Today’s post is a quick, rather informal, response to a Facebook comment I received from a person known to me. The comment was in response to an opinion piece in the Washington Examiner that was critical of so-called “red flag” laws. The comment asked reasonably skeptical questions from the perspective of someone not well-informed on the relevant issues. Here’s an abridged version of the skeptical comment:
The article [critical of red flag laws] says “The ‘red flag’ laws are stripping citizens of their protected right to keep and bear arms without due process…” but it doesn’t say any thing about how it does this. And how is due process being denied? I heard that the Colorado [red flag] law is very tight and well written, but no one explained to me how they make that conclusion, only that it is a good law.
Here’s my response:
The whole red flag notion is ridiculous on its face. If someone is an “extreme risk” to the public they ought to be locked up, period. It makes no sense to lock up the person’s gun, but leave them free to rent a 4,000-pound truck loaded with cans of gasoline and road flares and drive it into a group of school children at recess.
The gun doesn’t make a person dangerous, the dangerous person is the danger. If the goal was genuinely public safety, the actual danger–the dangerous PERSON–would be secured.
Given that the “red flag” laws do not, in fact, secure the safety of the public, their focused application to the Constitutional right of Americans who happen to own guns can only be considered to be maliciously intended.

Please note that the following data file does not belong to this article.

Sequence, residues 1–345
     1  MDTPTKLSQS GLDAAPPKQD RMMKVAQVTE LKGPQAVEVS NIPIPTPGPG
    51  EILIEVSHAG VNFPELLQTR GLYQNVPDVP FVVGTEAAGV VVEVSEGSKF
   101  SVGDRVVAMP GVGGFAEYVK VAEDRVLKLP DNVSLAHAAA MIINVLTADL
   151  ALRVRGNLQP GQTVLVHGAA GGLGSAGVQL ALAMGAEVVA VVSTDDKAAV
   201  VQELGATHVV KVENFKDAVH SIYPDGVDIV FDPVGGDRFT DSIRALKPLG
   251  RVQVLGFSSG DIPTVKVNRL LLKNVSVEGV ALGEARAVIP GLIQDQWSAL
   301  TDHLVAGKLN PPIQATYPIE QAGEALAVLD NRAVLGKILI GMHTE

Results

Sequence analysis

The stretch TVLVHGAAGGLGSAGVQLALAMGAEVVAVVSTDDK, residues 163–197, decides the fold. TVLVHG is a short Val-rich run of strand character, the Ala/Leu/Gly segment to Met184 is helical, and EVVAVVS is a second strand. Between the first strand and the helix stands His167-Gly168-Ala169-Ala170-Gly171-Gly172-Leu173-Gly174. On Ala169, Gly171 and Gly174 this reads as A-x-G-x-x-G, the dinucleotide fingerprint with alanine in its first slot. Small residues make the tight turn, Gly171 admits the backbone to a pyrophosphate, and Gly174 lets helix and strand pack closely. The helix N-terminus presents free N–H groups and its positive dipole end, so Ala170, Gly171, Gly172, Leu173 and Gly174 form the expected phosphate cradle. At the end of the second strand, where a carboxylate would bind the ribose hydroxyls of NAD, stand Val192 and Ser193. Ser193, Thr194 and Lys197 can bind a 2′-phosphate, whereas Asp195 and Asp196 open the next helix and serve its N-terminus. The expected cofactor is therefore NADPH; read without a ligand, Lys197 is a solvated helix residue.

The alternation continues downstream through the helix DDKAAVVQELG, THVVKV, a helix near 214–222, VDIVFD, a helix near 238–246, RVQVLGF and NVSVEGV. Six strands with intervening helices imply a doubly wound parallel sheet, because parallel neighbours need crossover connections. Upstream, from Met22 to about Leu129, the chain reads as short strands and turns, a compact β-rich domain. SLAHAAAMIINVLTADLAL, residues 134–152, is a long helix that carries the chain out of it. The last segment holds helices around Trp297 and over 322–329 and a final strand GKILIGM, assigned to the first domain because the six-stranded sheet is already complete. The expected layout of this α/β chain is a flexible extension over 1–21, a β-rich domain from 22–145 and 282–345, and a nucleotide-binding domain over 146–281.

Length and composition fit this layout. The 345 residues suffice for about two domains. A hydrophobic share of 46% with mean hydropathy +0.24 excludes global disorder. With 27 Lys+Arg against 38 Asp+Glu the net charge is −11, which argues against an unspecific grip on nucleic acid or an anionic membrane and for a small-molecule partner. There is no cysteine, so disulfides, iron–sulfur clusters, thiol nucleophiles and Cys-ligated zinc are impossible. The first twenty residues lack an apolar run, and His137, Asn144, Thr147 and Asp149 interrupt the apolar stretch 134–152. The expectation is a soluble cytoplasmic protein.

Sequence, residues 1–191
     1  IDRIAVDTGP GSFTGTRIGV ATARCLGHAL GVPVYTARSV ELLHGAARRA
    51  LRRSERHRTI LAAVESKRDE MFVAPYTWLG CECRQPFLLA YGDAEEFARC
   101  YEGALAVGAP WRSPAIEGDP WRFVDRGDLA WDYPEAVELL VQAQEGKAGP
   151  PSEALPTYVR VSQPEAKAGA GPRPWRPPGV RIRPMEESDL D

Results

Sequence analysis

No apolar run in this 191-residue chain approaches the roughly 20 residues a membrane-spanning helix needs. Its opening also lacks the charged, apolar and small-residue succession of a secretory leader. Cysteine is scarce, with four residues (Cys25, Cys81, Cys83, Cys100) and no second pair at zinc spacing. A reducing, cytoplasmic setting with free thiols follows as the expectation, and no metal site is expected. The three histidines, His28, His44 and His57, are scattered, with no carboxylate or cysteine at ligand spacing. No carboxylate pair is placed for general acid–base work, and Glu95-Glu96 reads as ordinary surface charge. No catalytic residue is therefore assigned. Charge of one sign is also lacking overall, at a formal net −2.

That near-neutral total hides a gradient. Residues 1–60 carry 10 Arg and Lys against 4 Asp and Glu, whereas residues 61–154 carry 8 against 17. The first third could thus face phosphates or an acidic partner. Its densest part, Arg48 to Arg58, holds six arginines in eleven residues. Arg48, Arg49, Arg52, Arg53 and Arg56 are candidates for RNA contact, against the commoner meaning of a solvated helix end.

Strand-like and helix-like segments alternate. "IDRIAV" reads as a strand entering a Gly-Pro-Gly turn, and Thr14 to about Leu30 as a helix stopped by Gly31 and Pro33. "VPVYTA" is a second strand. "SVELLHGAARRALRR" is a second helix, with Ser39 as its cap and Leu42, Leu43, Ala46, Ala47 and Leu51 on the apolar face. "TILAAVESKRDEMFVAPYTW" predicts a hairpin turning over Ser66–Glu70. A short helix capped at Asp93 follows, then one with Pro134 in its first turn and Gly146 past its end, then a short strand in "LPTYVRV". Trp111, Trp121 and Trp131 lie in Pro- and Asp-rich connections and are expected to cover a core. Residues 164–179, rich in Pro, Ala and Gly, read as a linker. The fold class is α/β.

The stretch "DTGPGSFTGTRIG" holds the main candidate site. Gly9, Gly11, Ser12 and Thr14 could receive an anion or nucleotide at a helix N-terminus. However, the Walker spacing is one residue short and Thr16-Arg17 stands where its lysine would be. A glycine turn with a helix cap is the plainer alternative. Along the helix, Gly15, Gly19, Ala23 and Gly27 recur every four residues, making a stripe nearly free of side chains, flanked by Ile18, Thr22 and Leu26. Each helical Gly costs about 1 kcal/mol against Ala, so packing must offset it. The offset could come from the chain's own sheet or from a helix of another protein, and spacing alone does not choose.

Further, due process requires things like the right to be present to contest the allegations against you, to have a lawyer present, to cross-examine the witnesses against you, to present your own evidence, and more.
The Colorado red flag law lacks due process precisely because it allows for the seizure of guns WITHOUT any requirement that the person alleged to be dangerous be permitted to be present, that they be permitted to have a lawyer represent them, that they be permitted to examine the witnesses against them, that they be permitted to present counter-evidence, or anything else the American system of justice generally requires in order to ensure justice in a criminal proceeding. This utter lack of due process is common to all red flag laws with which I am familiar.
Further, all of this denial of due process occurs in a context of a fundamental Constitutional right that has long since been recognized by the Supreme Court as a personalized, individual right.
Worse, this violation of a personalized Constitutional right without due process of law can be triggered merely by the say-so of “a family member,” whatever that means. A second-cousin? A hateful in-law? A second-cousin’s hateful in-law?
And if it turns out that the claim that the accused is an “extreme risk” to the public is a completely fabricated allegation, does the person falsely accused have any recourse against the false accuser for their false claims, for the likely thousands of dollars in legal expenses the falsely accused incurred, for the falsely accused having been unjustly deprived of their Constitutional rights and their ability to defend themselves and their family from criminals?
No, they do not.
Again, everyone can agree that dangerous people need to be prevented from causing harm, and we can do so WITHOUT any need for a so-called “red flag” law–if a person is demonstrably an “extreme risk” to the public they ought to be locked up, completely independently of whether they happen to have a gun, and legal procedures for that ALREADY exist. If securing the public’s safety was actually the goal, THAT is what would be done.
Of course, THOSE procedures for locking a claimed dangerous person up DO require due process of law for the accused.
And that’s all I have to say about that, at least for today.
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